Diegesis is multi-levelled in narrative fiction. Genette distinguishes between three "diegetic levels". The extradiegetic level (the level of the narrative's telling) is, according to Prince, "external to (not part of) any diegesis." One might think of this as what we commonly understand to be the narrator's level, the level at which exists a narrator who is not part of the story he tells. The diegetic level is understood as the level of the characters, their thoughts and actions. The metadiegetic level or hypodiegetic level is that part of a diegesis that is embedded in another one and is often understood as a story within a story, as when a diegetic narrator himself/herself tells a story.

  In film

The classical distinction between the diegetic mode and the mimetic mode relate to the difference between the epos (or epic poetry) and drama.[5] The "epos" relates stories by telling them through narration, while drama enacts stories through direct embodiment (showing). When we come to a modern consideration of the cinema, it may appear that the medium is a straightforward example of mimetic storytelling--but it is not.[neutrality is disputed] In terms of classical poetics, the cinema is an epic form that utilizes dramatic elements; this is determined by the technologies of the camera and editing. Even in a spatially and temporally continuous scene (mimicking the theatrical situation, as it were), the camera chooses where to look for us. In a similar way, editing causes us to jump from one place (and/or time) to another, whether it be somewhere else in the room, or across town. This jump is a form of narration; it is as if a narrator whispers to us: "meanwhile, on the other side of the forest". It is for this reason that the "story-world" in cinema is referred to as "diegetic"; elements that belong to the film's narrative world are diegetic elements. This is why, in the cinema, we may refer to the film's diegetic world.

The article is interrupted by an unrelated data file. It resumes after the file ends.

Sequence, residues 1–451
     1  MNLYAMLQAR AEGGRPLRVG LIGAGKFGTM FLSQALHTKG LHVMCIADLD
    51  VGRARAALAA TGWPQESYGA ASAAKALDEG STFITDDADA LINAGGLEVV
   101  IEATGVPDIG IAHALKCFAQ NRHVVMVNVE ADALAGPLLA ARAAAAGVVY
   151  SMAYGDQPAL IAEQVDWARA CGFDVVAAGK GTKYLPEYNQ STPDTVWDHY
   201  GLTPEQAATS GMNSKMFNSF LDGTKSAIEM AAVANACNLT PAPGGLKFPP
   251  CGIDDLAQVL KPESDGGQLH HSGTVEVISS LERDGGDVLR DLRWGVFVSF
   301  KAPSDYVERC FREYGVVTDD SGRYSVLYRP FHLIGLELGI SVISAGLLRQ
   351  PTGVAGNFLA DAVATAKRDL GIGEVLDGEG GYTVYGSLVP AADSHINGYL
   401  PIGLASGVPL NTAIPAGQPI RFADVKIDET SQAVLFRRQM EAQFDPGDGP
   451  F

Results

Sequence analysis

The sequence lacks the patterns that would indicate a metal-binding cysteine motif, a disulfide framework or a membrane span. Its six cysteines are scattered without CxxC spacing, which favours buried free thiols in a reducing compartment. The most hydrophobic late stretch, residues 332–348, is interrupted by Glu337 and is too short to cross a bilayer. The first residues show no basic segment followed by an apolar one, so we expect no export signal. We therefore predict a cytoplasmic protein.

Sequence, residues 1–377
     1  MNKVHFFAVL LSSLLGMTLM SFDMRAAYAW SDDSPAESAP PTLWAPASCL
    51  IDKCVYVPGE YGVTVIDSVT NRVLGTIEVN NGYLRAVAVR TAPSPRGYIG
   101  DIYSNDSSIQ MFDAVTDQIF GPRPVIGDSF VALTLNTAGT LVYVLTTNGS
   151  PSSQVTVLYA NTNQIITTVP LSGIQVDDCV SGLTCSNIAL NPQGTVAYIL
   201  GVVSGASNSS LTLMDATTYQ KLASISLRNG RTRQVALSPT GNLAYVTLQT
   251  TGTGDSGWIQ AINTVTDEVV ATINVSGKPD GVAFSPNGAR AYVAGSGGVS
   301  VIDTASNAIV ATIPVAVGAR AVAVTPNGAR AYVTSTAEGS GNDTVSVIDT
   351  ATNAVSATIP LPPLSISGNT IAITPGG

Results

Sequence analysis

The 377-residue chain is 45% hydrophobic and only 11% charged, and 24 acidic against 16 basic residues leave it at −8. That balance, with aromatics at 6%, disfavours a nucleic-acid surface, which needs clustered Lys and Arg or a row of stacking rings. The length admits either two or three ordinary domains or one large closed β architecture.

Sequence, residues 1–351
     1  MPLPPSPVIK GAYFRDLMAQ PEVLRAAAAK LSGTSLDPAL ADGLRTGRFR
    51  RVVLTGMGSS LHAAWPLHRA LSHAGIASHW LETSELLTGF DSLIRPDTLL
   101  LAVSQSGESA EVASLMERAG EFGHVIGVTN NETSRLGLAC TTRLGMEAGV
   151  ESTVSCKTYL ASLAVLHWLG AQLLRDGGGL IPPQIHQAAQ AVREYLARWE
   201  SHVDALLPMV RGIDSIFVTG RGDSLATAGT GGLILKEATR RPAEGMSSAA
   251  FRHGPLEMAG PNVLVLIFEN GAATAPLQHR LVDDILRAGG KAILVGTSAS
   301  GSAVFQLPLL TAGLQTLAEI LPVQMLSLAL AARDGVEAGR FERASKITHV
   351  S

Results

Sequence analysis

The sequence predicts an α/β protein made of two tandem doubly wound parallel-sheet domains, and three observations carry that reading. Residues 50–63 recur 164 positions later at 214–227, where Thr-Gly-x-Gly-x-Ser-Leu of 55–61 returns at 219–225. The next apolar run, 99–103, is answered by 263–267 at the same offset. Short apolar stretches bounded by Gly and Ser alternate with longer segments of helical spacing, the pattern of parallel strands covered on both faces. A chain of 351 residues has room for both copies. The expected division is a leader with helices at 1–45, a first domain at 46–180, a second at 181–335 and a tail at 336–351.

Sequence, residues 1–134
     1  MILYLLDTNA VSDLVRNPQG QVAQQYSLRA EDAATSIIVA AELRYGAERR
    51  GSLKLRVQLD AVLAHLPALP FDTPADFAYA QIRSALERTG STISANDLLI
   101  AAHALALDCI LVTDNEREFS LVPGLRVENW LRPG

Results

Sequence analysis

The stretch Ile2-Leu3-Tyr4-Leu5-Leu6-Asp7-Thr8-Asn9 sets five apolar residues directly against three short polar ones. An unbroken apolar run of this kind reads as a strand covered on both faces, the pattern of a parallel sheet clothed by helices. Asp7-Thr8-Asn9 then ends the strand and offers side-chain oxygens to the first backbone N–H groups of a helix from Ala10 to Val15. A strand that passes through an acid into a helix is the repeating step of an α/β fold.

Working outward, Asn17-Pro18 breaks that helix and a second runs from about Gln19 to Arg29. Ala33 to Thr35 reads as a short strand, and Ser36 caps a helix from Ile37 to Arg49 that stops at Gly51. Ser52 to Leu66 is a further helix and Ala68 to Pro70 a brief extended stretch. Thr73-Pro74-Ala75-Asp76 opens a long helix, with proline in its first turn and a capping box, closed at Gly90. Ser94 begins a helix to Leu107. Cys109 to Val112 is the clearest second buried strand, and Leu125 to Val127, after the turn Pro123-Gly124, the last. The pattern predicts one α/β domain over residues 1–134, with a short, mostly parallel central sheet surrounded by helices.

"Diegetic", in the cinema, typically refers to the internal world created by the story that the characters themselves experience and encounter: the narrative "space" that includes all the parts of the story, both those that are and those that are not actually shown on the screen (such as events that have led up to the present action; people who are being talked about; or events that are presumed to have happened elsewhere or at a different time).

Thus, elements of a film can be "diegetic" or "non-diegetic". These terms are most commonly used in reference to sound in a film, but can apply to other elements. For example, an insert shot that depicts something that is neither taking place in the world of the film, nor is seen, imagined, or thought by a character, is a non-diegetic insert. Titles, subtitles, and voice-over narration (with some exceptions) are also non-diegetic.

  Film sound and music

Sound in films is termed diegetic if it is part of the narrative sphere of the film.[6] For instance, if a character in the film is playing a piano, or turns on a CD player, the resulting sound is diegetic. If, on the other hand, music plays in the background but cannot be heard by the film's characters, it is termed non-diegetic or, more accurately, extra-diegetic. The score of a film is non-diegetic sound. One example is in The Truman Show, where a sequence shows the characters at night, when most of them are sleeping. Soft, soothing music plays, as is common in such scenes, but we assume that it does not exist in the fictional world of the film. However, when the camera cuts to the control room of Truman's artificial world, we see that the mood music is being played by Philip Glass standing at a bank of keyboards. The ways in which the Truman Show experiment blurs the line between diegesis and non-diegesis are a central theme to the film.